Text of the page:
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Buyer Beware: Internet scams are on the rise

Scam artists are hiding in plain sight these days. We have all heard about the telephone calls where an intended victim receives a phone call claiming their social security number has been involved in fraud. Perhaps, the caller suggests the victim has won the lottery.
The latest scam we have been made aware of will have folks rethinking making purchases online.
Lowcountry photographer Cathryn Miller purchased a new camera lens from an eBay seller for $809.99 on January 13th. Miller requested the shipping information and received it on January 18th. The tracking number belonged to UPS. Miller tracked her package on January 19th, only to discover the package had been delivered on January 15th at 2:13 pm - a time that she was home and had received other packages. She reached out to the seller to let her know she had not received the package. It was then that Miller was told by the seller had received confirmation that the lens had been delivered.
Miller decided to reach out to UPS, the shipping company, on January 20th, where she found out the package had been delivered to a different address on her street. They also stated the package associated with the tracking number was not addressed to Miller or her address but instead to an address on her street. They also told her it only weighed 20 ounces. Miller knew the lens she ordered weighed 4.94 pounds. They also informed Miller the package was shipped from an Amazon warehouse and not through eBay, where she ordered from. Miller then opened a dispute on eBay and was told she could not escalate it until five days later.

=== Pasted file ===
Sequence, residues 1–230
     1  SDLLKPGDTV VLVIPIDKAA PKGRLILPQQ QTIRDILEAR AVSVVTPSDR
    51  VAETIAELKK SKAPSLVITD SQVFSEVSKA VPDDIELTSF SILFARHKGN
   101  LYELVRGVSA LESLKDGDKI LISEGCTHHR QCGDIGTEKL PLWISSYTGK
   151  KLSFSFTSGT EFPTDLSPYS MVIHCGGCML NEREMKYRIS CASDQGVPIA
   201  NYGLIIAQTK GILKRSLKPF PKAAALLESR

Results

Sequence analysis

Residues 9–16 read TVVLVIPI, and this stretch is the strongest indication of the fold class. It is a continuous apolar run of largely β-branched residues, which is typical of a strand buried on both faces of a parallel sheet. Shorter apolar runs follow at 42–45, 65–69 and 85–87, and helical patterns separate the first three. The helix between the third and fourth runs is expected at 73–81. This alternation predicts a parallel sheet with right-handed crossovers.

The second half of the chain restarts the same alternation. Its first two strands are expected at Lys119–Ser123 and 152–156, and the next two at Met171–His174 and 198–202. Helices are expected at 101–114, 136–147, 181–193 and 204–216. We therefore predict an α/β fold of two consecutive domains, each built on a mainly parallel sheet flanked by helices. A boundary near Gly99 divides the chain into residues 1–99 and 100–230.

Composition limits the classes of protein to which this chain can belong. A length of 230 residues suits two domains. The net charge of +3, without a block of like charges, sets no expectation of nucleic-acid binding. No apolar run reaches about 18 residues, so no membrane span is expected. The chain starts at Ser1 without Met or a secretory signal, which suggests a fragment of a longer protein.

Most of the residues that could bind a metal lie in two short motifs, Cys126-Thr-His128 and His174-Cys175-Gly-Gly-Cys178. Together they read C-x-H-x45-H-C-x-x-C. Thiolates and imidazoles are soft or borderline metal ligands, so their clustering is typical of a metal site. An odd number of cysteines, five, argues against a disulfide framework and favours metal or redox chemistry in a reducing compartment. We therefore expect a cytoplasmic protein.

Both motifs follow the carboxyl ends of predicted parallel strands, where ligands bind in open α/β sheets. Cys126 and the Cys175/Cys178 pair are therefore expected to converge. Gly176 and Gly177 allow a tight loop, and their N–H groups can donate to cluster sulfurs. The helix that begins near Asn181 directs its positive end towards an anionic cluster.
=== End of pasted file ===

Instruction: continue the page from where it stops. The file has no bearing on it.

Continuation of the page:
According to Miller, she continued to call and send emails to UPS and Amazon trying to get to the bottom of her missing order. She also reached out to the eBay seller, who finally admitted she “warehouses” on Amazon after she found out Miller had determined the tracking number belonged to Amazon.
After hours of calling and sending emails to locate the camera lens, it was determined the eBay seller worked at Amazon. Miller went door to door until she finally located the package that had been associated with her camera lens only to find out it was a small bottle of paint sent to a neighbor. Amazon finally opened an investigation after they realized a tracking number generated from their warehouse was being used for fraud through eBay. Miller was finally able to have a police report written up to provide to Amazon, eBay, and the seller, at which point the seller told eBay to refund her money. Miller will never know the outcome of the case as it is now being handled internally through Amazon.
As of our print deadline, Miller has been refunded her money in full. However, she is still going after the seller. The seller still has items listed for sale on eBay and the company has done nothing to prevent the seller from using the same scam on other potential unsuspected buyers. Miller had written a review of the seller warning buyers of her attempts to steal from buyers but unfortunately, eBay has removed it. Miller wants her story to be told so that others might not be taken in the same way she had been. Thankfully, Miller did not give up and saw the case through where others might not know how to do so, leaving them out their money and with no product.
According to local authorities, scams like this are happening to Colleton County residents every day, and the numbers continue to increase. If a deal looks too good to be true, it probably is. If you suspect you might be a victim of a scam, don’t be afraid to reach out and ask from help from someone you trust.

Christie Slocum (583 Posts)